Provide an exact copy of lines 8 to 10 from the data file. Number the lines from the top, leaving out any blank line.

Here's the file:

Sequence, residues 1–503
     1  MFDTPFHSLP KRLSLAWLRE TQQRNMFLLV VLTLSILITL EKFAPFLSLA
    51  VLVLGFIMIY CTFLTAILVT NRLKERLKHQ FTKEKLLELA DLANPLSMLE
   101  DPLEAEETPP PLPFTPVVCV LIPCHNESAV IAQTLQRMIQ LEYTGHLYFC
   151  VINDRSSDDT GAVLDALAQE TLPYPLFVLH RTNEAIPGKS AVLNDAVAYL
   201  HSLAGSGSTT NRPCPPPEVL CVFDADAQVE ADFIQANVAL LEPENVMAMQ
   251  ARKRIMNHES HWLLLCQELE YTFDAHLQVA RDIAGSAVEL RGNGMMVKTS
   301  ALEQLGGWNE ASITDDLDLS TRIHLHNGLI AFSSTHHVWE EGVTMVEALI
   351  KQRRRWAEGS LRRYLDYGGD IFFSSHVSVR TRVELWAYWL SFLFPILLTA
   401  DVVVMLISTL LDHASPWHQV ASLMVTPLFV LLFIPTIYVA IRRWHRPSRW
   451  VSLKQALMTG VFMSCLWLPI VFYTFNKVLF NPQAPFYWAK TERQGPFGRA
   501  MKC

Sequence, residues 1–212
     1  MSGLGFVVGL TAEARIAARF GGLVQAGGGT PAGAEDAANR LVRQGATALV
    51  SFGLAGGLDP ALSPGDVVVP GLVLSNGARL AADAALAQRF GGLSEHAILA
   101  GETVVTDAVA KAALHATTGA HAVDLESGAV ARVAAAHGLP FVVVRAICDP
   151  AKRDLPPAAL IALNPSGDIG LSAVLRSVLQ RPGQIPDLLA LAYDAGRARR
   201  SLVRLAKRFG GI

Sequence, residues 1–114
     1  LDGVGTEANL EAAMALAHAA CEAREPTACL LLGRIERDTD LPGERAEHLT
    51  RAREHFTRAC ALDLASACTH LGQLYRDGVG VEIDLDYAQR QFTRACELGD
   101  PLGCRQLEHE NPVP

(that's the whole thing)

   301  ALEQLGGWNE ASITDDLDLS TRIHLHNGLI AFSSTHHVWE EGVTMVEALI
   351  KQRRRWAEGS LRRYLDYGGD IFFSSHVSVR TRVELWAYWL SFLFPILLTA
   401  DVVVMLISTL LDHASPWHQV ASLMVTPLFV LLFIPTIYVA IRRWHRPSRW